Thursday, May 12, 2011

Wow. Since February?

Guess I'd better break the ice. I just kept putting it off... but I think now I'll make the goal to post something, even tiny, every day for a week.

The big news at our property has to do with our hen who sat on 7 eggs and hatched 7 chicks that are all still alive a week and half later! There are four which we believe will be colored like the mama, two pale yellow ones and one little penguin. In an effort to break our own hearts, we have already begun naming them (Cleopatra, Penguino, Miss Mini...). We can't seem to help it. Maybe it's the poet in me that wants to name things, and then, once they're named, I feel more deeply about them. It's dangerous. And wonderful. I can spend so much time watching them peep about, running their tiny beaks through their new feathers, tipping their heads up to let water fall down their little throats, imitating their mother by scratching their feet across the ground before pecking at a bit of food, flapping their stubs of wings to help them regain their balance or jump up on a fallen log...
They're probably all roosters.

Monday, February 21, 2011

Latest Publication-- A Peace Poem/Prayer

My latest poem "Create Peace" is actually a prayer and you can find it here at the Mennonite Church's Peace and Justice Support Network website. There are other wonderful prayers (and resources) for those interested in praying and acting for peace.

Sunday, February 20, 2011

How *The Help* Helped

After reading The Help by Katherine Stockett, I was motivated to do some unusual things around the house. First, I polished my silver. I pulled the putty from the laundry room closet, along with an old t-shirt and headed to my jewelry box. No, I don't own any real silver vases or silverware or any "real" niceties, but I have several pair of tarnished earrings and a few necklaces and pendants. So I stood there, daubing and rubbing, watching the shine emerge and the black accumulate on the rag. It's tedious work, but I like the tangible, aesthetically pleasing results. Much more satisfying than laundry for me.

Second, I scrubbed the floors in my bedroom and dining room on my hands and knees. Good Heavens the crazed things I do because of literature.

See, I really dislike cleaning. Enough so that I have "help" come in to do the cleaning. Often this embarrasses me. But I really don't like it, though I like living in a (relatively) clean house. Once, though, a writer friend absolved me of my guilt saying that not everyone can write... so if I can, leave the cleaning to someone who finds satisfaction in it. Indeed, Skeeter didn't do much cleaning in her life. I found, reading the book, that I identified with many of the characters: the woman with the little kids who pays for help so that she can "volunteer" elsewhere; Skeeter, who wants to be a writer and write something important; and sometimes even Aibileen, who listens to children and tries to fill their heads so full of good thoughts it will carry them into a good adulthood.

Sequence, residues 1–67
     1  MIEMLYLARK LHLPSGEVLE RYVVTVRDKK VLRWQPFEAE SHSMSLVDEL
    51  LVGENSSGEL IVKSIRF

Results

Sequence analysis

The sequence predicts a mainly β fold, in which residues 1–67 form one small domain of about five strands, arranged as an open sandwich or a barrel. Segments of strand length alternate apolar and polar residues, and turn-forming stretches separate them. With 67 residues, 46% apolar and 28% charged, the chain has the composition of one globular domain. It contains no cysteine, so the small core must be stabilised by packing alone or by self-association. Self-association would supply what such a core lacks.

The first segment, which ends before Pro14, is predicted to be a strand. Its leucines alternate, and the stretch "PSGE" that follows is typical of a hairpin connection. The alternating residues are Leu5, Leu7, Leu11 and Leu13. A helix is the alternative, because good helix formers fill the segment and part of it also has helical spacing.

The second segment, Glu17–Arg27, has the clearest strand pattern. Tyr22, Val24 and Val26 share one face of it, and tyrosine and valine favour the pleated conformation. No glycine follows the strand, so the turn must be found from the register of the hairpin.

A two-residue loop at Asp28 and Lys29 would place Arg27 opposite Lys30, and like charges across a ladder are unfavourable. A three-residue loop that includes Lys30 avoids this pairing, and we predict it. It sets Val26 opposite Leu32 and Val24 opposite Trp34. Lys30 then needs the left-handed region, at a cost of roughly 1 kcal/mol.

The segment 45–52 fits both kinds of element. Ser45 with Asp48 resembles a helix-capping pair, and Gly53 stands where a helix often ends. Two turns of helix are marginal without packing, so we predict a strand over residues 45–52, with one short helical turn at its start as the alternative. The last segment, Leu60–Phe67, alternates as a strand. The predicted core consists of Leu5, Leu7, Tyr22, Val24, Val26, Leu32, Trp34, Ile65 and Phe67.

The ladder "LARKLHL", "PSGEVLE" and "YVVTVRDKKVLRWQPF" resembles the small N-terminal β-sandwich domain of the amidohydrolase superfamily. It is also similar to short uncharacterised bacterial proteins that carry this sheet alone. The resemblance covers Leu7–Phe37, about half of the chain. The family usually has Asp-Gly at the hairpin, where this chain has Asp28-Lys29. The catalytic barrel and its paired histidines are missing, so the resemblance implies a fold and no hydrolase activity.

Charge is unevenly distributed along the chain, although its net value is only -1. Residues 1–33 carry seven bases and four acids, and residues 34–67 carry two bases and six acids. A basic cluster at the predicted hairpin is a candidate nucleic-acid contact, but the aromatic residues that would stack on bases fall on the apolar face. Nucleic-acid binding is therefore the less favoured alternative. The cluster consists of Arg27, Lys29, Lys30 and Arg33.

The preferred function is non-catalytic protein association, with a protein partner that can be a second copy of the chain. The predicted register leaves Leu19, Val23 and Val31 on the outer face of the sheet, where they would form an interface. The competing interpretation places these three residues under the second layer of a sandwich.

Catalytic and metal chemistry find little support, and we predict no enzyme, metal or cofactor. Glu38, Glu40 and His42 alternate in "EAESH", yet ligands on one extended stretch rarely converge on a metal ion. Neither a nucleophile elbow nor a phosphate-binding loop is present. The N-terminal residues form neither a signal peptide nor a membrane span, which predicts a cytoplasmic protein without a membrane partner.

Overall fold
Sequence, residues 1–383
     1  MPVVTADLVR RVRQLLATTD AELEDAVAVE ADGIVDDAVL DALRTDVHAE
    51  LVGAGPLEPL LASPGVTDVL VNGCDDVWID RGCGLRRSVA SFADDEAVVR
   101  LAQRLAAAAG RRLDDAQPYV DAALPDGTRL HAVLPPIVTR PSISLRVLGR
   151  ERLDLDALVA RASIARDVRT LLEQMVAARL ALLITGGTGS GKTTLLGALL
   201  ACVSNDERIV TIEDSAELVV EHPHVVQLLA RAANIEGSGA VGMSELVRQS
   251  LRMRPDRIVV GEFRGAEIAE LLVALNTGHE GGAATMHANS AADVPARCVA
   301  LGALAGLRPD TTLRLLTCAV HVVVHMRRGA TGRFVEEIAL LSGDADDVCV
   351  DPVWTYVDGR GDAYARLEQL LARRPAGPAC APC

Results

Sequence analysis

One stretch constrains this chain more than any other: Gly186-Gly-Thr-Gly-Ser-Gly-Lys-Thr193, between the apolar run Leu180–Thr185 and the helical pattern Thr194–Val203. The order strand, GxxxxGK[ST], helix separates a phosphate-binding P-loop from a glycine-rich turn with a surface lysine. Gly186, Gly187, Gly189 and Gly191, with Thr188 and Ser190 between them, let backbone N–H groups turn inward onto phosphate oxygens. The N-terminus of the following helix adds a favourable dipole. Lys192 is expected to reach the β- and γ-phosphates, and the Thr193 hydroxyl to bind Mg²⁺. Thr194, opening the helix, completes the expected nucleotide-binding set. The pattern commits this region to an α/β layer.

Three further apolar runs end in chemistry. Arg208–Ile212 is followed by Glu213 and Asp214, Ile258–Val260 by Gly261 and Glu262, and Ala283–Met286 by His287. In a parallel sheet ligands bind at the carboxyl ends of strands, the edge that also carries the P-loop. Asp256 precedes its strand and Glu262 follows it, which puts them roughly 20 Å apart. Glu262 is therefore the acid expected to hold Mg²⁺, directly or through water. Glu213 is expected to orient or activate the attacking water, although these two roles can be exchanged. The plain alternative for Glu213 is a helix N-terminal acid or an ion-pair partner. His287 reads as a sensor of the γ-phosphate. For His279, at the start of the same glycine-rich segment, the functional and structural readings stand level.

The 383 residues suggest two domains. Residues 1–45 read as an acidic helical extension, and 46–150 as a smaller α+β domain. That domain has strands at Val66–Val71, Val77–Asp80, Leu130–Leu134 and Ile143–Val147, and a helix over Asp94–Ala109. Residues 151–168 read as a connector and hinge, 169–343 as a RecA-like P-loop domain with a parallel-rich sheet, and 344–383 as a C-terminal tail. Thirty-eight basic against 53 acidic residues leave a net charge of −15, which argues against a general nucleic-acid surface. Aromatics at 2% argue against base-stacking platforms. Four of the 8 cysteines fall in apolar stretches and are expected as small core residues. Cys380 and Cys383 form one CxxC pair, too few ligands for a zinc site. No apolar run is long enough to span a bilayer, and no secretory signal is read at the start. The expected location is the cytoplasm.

This, though, is the passage that has made the biggest impression on me:
"We all on a party line to God, but you, you setting right in his ear."
This is Minny talking to Aibileen about putting someone on her prayer list, which Aibileen keeps in a little notebook. It made me think about how cool that'd be to sit in God's ear. And after mulling this idea over a while, I figured there's nothing to keep any of us from sitting there except climbing up there with focused prayer. That's what Aibileen did, kept a list and wrote her prayers -- which took her about an hour a night. So, I found a little notebook in my office -- because I dearly love getting little notebooks, though I have no idea what I could possibly write that would fit in a little notebook. It's a tiny bit of a thing, maybe 1.5 x 3" and only 12 sheets of paper. But I filled in a list of names on that first page and it's like Aibileen says on the page before the above quote: "And the next and the next. Cause that's the way prayer do. It's like electricity, it keeps things going." I have already noticed that electric continuation... and have a few new names to add to the list.

Wednesday, February 16, 2011

Groan.... Running

Once again, the only way I can motivate myself to keep in shape is to sign up for a 5K -- the 5th Annual Asheville Shamrock Run. This time, though, I've actually printed out a calendar with a daily training program. Each day has written on it what I'm supposed to run... Today, thankfully, is a rest day.

Yesterday was not. In fact, I'm impressed I accomplished yesterday's training -- 10 minutes of warm-up, 6x400m at 10 seconds below my goal pace with slow 400s in between. Then an 800 to cool down. Added together, it was just over 4 miles. After my first 400 at a 9 minute mile pace, I decided running was for the birds and started the rhythmic chant "I hate this" in time to my heavy footfalls. I did get it all done, though, and kept the 9 minute pace. I'm hoping all this pays off since I sure don't enjoy the process.